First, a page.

COAT predicts this year’s ptarmigan density in Finnmark

Published on: 12. July 2022

COAT has modeled the population fluctuations of willow ptarmigan in Finnmark and looked at what influences changes in the population. The modeling is the result of a collaboration between COAT and several stakeholders, including the landowner Finnmarkseiendommen (FeFo).

COAT predicts this year’s ptarmigan density in Finnmark

Willow ptarmigan. Photo: Geir Vie

The stakeholders wanted the models to be used to predict the ptarmigan populations one and a half months before the annual line-transect surveys, in order to be able to plan the year's hunting, quotas and management in advance. COAT has therefore, now for the second year in a row, made model-based predictions before this year's ptarmigan surveys. To our satisfaction, the results of FeFo's assessments last year largely corresponded to the predictions that were made. Hence, we are excited to see how this years predictions compare with the result from FeFo’s assessment in the end of august.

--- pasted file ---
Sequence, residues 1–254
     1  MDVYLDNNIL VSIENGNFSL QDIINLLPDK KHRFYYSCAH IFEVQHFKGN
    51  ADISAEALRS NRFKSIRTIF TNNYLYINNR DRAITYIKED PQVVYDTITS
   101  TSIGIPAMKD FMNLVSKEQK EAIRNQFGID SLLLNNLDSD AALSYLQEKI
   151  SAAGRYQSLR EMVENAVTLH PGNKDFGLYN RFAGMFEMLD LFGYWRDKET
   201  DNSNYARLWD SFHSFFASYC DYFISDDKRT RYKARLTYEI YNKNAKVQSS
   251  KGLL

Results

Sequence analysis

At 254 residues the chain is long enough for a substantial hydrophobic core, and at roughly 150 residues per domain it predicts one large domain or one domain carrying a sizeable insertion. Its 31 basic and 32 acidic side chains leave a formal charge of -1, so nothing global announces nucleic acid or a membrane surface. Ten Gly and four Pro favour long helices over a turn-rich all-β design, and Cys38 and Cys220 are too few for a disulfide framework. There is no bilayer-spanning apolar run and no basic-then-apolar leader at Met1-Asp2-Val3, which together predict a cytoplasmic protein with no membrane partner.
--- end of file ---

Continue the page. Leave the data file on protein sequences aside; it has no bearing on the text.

This year’s model-based predictions

The figure shows the estimated density of the willow ptarmigan population in Finnmark in the period 2000 - 2021 (red line, estimates from Hønsefuglportalen) compared with the predictions from COAT's food web model in the last 10 years (orange dots). Hence, the last orange dot (i.e. for 2022) is our prediction for this years average ptarmigan density on the Finnmark estate (FeFo), 1.5 months prior to the ptarmigan surveys in the end of august. Note that our model predicts the average observed number of ptarmigan per km2, while the assessment result (red line) is given as the estimated number of ptarmigan per km2 from a model that corrects for detectability (i.e. a distance model).


This year's predictions (figure above) show that we expected a further increase in ptarmigan density this year. This was because it was a relatively normal start to the winter last autumn in addition to a quite hot period in July, when the chicks were newly hatched and a late winter with slightly more carcasses than normal. In addition, an increase in small rodent densities (increase phase) has likely resulted in reduced predation on ground breeding birds in the system. A caveat one should take is that the sum of all these effects in the last year probably does not work purely additive to each other, and that the increase, compared to previous similar increase years in Finnmark, seems to be somewhat less than what has been predicted. Moreover, how the availability of small rodents evolve during the summer, would impact the predation pressure on ptarmigan chicks and thereby the density estimated in the end of august.